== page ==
Lesser,lots of questions

quabbin massachusetts island snake


Lesser: Lot of questions about rattlesnake plan



ADN Staff Reporter

(June 20, 2016)


BOSTON — State Sen. Eric Lesser (D-East Longmeadow) has offered comment in response to the Advocates for Snake Preservation group’s expressed support of the state’s plan to place endangered timber rattlesnakes on Mount Zion Island at the Quabbin Reservoir.


Of the Arizona-based ASP’s support, Lesser said Monday, “I certainly respect their opinion…but my feeling is there are still a lot of questions about the plan.”


Following a legislative oversight hearing held in Athol earlier this year, Lesser filed a Senate-approved amendment to the proposed fiscal year 2017 budget that would implement a one-year moratorium on the placement of rattlesnakes on the island. It would also call for a study group to be formed to determine the best preservation practices and the group would be required to submit a report to the legislature’s Joint Committee on Environment, Natural Resources and Agriculture by the end of the year.


Lesser said there needs to be a pause in the implementation of the plan in order for the study group to adequately hear input from the communities and local officials that would immediately be affected, and to consider the potential impacts to public access to the Quabbin Reservoir watershed. He expressed a concern that even one incident involving a snake bite could lead to further restricted access at the reservoir.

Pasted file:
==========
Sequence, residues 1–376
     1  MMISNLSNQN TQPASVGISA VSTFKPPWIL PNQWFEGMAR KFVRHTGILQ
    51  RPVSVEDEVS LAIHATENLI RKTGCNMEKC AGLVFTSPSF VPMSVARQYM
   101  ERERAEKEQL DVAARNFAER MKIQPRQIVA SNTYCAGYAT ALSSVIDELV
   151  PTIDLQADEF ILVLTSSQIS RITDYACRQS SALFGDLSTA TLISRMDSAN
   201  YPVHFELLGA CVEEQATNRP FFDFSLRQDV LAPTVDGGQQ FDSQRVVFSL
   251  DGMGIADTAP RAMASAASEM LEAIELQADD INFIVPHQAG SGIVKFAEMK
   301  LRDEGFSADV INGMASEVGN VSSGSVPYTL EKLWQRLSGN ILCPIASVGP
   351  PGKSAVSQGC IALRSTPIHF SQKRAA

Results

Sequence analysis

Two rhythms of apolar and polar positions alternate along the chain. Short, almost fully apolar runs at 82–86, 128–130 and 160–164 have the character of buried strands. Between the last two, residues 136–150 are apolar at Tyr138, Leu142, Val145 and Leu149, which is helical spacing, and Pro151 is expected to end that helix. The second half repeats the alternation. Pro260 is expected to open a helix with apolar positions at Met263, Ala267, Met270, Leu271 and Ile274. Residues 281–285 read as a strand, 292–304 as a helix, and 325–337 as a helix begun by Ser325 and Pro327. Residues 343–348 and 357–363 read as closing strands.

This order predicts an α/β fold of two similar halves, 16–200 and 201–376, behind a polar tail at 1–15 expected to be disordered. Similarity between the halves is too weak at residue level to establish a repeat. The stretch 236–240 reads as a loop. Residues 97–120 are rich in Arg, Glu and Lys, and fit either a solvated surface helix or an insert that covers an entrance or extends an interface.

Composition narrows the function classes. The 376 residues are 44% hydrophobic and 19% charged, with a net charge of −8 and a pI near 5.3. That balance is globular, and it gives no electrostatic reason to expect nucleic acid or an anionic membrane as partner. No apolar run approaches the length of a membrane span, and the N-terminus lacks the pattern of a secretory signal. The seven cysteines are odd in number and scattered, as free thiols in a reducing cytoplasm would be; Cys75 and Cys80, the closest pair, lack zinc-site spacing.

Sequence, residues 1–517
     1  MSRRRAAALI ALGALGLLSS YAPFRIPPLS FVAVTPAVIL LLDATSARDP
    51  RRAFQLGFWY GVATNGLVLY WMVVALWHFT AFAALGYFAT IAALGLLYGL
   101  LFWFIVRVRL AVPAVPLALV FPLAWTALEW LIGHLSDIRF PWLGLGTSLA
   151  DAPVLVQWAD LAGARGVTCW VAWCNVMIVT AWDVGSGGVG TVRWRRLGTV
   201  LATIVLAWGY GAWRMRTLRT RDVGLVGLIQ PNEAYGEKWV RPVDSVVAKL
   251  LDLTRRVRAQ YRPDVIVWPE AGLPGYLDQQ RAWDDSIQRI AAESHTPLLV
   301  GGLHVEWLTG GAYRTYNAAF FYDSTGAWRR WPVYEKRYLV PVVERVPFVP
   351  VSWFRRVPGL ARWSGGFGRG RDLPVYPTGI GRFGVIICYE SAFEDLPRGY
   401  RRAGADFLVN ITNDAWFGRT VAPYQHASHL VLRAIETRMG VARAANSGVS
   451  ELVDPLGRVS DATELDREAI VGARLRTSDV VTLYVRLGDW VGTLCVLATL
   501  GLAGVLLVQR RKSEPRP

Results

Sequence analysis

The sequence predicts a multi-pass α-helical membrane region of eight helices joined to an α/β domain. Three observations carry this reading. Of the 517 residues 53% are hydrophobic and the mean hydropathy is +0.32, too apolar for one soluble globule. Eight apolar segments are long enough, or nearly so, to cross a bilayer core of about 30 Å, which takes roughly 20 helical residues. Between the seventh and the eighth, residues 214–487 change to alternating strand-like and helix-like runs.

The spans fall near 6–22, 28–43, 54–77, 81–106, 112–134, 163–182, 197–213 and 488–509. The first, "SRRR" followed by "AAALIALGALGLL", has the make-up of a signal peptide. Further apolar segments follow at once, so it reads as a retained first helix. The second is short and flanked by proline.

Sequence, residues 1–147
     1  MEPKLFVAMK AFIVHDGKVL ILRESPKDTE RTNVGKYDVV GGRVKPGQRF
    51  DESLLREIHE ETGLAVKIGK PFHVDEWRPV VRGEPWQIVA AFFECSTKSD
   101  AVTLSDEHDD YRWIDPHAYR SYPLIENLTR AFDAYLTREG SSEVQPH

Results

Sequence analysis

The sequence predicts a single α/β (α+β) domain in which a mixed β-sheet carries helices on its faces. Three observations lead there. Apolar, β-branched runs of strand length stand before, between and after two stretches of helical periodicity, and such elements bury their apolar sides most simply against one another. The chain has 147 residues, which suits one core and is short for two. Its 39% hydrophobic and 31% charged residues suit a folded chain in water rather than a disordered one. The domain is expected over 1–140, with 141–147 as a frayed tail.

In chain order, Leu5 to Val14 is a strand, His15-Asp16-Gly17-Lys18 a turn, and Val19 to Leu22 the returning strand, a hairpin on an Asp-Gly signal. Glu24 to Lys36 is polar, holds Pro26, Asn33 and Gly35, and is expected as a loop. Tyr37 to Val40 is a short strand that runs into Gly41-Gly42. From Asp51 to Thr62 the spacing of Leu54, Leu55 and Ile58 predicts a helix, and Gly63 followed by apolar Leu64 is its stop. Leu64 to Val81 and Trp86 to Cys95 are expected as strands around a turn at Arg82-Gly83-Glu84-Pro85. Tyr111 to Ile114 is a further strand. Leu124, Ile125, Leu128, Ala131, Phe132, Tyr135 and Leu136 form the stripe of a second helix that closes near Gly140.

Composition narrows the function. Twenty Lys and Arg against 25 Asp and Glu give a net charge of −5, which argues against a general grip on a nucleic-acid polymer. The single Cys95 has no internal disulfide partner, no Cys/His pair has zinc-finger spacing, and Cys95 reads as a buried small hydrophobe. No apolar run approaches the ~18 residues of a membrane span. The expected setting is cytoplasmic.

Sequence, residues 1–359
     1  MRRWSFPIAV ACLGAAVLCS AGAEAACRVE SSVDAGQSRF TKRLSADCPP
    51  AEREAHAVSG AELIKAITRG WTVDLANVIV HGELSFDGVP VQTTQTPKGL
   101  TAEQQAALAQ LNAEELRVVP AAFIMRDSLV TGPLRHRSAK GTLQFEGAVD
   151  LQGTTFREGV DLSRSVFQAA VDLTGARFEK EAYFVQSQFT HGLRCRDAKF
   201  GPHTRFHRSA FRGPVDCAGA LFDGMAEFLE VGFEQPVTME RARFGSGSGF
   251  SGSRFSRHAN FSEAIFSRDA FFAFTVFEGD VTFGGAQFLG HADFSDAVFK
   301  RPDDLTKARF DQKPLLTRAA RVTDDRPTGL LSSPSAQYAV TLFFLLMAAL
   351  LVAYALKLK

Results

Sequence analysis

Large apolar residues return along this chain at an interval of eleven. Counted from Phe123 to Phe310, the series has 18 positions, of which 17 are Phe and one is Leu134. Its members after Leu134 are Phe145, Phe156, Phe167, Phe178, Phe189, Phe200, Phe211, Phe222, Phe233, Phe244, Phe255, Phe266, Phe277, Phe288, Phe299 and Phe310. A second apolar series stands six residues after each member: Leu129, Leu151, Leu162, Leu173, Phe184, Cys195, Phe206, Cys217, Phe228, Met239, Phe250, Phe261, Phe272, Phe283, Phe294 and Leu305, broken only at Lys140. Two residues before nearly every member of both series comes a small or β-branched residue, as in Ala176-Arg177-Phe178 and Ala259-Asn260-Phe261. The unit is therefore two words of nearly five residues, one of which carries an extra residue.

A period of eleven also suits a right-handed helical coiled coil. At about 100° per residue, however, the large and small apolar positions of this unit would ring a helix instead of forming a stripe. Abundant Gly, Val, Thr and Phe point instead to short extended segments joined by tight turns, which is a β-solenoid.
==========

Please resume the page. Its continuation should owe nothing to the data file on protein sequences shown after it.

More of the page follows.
Lesser said he respects the science behind the plan, but added there are other factors to consider. Noting his position as chair of the Joint Committee on Tourism, Arts and Cultural Development, he said, “We’ve done quite a lot of work to build up the Quabbin as a four-season attraction…What does it do for marketing if we start a colony of venomous snakes there?”


Commenting further on the ASP’s support for the plan, Lesser said “it seems a little odd” and “convenient” for a group from Arizona to take such an interest. “We have to live with the consequences,” he said. “The people in the communities around the Quabbin should have the strongest say.”


Lesser’s Senate district includes the towns of East Longmeadow, Hampden, Longmeadow, Ludlow and Wilbraham, and parts of Chicopee and Springfield in Hampden County, and Belchertown and Granby in Hampshire County.